The belief that creating a trust only benefits the wealthy is incorrect. Today, more middle class people are creating trusts for a variety of reasons. A trust is simply an estate planning tool that allows a person to manage and distribute property in a very specific manner, either while living or after death. A trust can replace or supplement a will. Establishing a trust which includes a significant amount of property can become complicated and require legal and financial assistance, but the basics of setting up a simple trust can often be completed quickly and inexpensively.
The Required Contents of a Trust Document
The basics of a trust simply require the names of the trustor, the trustee and the beneficiary. It must also include a list of property to be included in the trust and directions for how and when trust funds or property will be distributed.
A trust requires a trustor or grantor, the person placing property in the trust, and a trustee, the person or entity who will manage the trust. A trustee may be a bank, attorney or a trusted friend. A trustor may also name him or herself as the trustee. Typically, a successor trustee is designated as well. That person will take over management of the trust should the first trustee become unable to do so. Who you name as the trustee is an important decision. That person has a fiduciary duty to responsibly manage the assets of the trust and ensure funds are distributed in accordance with the trust’s terms. Trustees are usually compensated for time spent managing the trust. The trust document must name one or more beneficiaries, or the persons or organizations that will receive property or payments from the trust.
The trust document must contain a list of property which is to be included. Property may consist of real estate, stocks, bonds, vehicles and personal possessions. Smaller personal property, such as furniture, antiques and collectibles, can be itemized on an attached list. Real or personal property, which carries a title, must be formally re-registered in the trust’s name. Once transferred, the trust becomes the legal owner of the property. Property such as IRAs, annuities or insurance policies which name a beneficiary does not need to be included in a trust. Should you want funds from those items to be included in the trust, the trust must be designated as the beneficiary.
The trust document should include specific directions regarding conditions under which property may be distributed to a specific beneficiary. For example, the trust may state that a beneficiary is to receive $10,000 annually to be used for education purposes only. Provisions might limit distribution of funds to purchase of a first home or to cover future healthcare expenses. Similarly, the document should state what events will trigger termination of the trust and final distribution of any remaining assets within it.
When Can a Trust be Established?
A trust can be established either while the trustor is alive or upon a trustor’s death, with details for the trust’s establishment included in a will. A trust may be revocable allowing the trustor to change the terms of and property within the trust at any time, or it may be made irrevocable. An irrevocable trust, once established, prohibits the trustor from changing the terms or having any interest in the property transferred into the trust.
The Benefits of a Trust
Creating a trust provides a variety of benefits. It can create tax advantages for the trustor and beneficiary. For example, when property is transferred into an irrevocable trust, the trustor no longer has any tax obligation for that property. The property is not considered part of trustor’s net worth and may result in moving him or her into a lower tax bracket.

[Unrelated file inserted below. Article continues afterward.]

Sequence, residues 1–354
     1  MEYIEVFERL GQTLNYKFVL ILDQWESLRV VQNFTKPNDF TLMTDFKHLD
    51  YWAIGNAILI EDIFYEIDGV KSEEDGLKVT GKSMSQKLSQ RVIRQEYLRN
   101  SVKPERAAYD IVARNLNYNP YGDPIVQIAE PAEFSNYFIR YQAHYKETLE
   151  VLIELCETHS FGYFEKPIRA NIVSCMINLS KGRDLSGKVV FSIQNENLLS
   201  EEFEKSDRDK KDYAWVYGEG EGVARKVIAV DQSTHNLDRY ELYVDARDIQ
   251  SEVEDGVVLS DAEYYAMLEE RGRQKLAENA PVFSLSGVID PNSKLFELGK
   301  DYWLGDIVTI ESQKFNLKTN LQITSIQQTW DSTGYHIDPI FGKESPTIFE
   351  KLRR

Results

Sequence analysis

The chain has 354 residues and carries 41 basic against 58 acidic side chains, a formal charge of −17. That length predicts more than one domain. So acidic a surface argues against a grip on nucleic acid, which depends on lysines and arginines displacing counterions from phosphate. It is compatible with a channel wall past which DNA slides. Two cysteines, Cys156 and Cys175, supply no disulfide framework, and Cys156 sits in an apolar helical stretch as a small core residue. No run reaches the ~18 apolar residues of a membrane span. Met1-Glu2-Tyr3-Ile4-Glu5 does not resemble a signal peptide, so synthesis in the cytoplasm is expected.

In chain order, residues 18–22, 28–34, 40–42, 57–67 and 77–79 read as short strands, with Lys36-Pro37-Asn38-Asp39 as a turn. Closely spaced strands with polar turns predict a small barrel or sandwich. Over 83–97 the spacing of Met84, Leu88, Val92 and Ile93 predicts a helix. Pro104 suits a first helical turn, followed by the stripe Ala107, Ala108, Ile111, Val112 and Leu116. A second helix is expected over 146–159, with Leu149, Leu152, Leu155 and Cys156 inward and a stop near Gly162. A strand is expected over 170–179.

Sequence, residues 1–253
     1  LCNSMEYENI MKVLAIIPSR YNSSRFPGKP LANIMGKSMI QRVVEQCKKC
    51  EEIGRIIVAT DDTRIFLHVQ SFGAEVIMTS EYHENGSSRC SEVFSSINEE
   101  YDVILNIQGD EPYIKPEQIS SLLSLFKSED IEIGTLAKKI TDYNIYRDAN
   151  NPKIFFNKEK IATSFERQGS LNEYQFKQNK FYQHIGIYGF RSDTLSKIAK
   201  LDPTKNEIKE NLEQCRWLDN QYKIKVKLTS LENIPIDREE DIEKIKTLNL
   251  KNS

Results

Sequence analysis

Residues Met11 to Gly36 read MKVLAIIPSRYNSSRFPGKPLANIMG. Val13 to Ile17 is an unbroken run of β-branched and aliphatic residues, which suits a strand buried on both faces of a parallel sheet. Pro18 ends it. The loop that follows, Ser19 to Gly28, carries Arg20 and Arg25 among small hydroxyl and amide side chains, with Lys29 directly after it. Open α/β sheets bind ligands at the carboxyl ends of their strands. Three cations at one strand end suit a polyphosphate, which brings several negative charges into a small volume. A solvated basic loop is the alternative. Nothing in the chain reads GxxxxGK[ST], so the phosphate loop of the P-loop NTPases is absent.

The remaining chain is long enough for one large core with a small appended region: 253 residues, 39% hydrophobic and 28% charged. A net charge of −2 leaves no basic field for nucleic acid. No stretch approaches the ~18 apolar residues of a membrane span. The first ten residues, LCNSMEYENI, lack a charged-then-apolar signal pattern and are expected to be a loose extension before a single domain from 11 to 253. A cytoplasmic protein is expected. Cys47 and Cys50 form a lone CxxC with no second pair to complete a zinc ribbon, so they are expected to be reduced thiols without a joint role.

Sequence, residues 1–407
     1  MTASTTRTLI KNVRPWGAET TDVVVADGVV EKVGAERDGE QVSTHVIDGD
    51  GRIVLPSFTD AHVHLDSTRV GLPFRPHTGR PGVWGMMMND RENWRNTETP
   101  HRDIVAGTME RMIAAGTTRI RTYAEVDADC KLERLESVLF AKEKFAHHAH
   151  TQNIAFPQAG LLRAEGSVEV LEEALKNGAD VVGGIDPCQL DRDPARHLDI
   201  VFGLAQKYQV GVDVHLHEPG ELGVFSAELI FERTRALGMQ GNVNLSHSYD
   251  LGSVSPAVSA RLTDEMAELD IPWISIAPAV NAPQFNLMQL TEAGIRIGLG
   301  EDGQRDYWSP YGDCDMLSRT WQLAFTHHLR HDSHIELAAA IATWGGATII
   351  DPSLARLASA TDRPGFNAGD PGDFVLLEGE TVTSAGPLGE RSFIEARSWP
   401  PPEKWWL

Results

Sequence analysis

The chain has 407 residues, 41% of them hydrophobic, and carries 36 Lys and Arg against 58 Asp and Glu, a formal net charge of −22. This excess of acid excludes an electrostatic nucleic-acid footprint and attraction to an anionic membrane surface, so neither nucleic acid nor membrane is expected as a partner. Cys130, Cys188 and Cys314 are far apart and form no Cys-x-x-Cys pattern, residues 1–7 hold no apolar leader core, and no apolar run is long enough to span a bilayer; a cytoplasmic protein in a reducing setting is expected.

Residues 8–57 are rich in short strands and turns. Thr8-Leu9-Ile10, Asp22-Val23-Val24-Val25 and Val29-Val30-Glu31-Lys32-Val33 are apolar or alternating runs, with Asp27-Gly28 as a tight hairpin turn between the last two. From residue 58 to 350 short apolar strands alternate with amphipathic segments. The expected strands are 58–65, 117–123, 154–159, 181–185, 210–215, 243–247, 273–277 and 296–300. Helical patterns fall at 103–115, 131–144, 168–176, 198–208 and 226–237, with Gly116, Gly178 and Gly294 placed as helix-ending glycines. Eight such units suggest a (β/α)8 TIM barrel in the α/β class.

A trust often simplifies distribution of property following death of the trustor. When a person dies, property is typically distributed based on that person’s will. This often requires a probate procedure to be initiated in court, which can be time consuming, costly and inefficient. If a trust is established after a person’s death based on provisions in a will, property designated for the trust will have to go through probate. However, property placed into a trust prior to the trustor’s death is not subject to probate. The trustee has the power to distribute the property without involvement of a court. Only the property the trustor did not include in the trust is subject to probate. If the trustor planned ahead and named beneficiaries for insurance policies, created joint bank accounts and gave others survivorship rights to property, there may be no reason to initiate any probate proceeding.
Establishing a trust ensures privacy. Unlike a will which is considered a public document and must often be filed in court as part of a probate proceeding, a trust is a private document. Property in the trust can be liquidated and distributed without public scrutiny.
A trust allows a person to maintain control of property distribution even after death. A person can specify when and how a beneficiary will receive trust funds. If a trustor feels a beneficiary lacks responsibility to handle receipt of a lump sum, he or she can direct that a specific amount be provided annually for general or specific purposes or that funds only be distributed when the beneficiary reaches a certain age. Trusts for future generations of children can also be established, ensuring a lasting legacy.
Prior to creating a trust you should determine your motives and goals for doing so. A variety of specific trust types exist for charitable giving, minimizing taxes, covering education costs or other specific objectives. Once you have determined the purpose for creating a trust, you will be able to craft a well-structured document allowing your assets to benefit others for years or generations to come.